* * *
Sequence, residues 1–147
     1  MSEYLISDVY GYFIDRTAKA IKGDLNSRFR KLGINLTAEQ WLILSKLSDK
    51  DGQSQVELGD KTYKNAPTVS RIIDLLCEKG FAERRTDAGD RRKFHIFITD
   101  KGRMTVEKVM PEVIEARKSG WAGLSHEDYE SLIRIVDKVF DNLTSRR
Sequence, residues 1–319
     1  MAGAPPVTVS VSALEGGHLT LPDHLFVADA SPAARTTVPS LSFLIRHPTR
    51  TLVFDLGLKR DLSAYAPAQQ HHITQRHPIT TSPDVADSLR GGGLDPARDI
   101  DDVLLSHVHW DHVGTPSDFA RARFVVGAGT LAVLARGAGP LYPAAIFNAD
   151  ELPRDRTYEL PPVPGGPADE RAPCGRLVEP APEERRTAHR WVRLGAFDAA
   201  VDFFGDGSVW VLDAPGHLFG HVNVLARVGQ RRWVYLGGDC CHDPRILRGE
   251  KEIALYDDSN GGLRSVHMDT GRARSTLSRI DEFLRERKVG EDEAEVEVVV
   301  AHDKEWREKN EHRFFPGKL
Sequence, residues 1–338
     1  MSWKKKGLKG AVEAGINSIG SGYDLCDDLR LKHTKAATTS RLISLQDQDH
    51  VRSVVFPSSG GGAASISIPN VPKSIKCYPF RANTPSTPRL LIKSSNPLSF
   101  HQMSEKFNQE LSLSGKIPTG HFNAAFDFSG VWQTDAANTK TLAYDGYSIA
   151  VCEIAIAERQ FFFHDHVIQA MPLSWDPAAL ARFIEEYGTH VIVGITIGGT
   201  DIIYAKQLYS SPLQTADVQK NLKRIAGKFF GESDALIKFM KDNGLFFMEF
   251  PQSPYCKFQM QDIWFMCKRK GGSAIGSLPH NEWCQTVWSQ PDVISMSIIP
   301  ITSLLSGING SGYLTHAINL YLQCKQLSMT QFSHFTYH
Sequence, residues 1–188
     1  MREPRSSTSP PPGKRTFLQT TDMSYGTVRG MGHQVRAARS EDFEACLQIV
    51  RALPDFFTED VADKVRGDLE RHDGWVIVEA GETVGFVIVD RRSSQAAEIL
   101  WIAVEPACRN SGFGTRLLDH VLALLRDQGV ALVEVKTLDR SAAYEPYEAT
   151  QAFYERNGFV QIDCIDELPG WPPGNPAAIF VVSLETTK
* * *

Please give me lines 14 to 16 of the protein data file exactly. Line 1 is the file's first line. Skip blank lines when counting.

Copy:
     1  MSWKKKGLKG AVEAGINSIG SGYDLCDDLR LKHTKAATTS RLISLQDQDH
    51  VRSVVFPSSG GGAASISIPN VPKSIKCYPF RANTPSTPRL LIKSSNPLSF
   101  HQMSEKFNQE LSLSGKIPTG HFNAAFDFSG VWQTDAANTK TLAYDGYSIA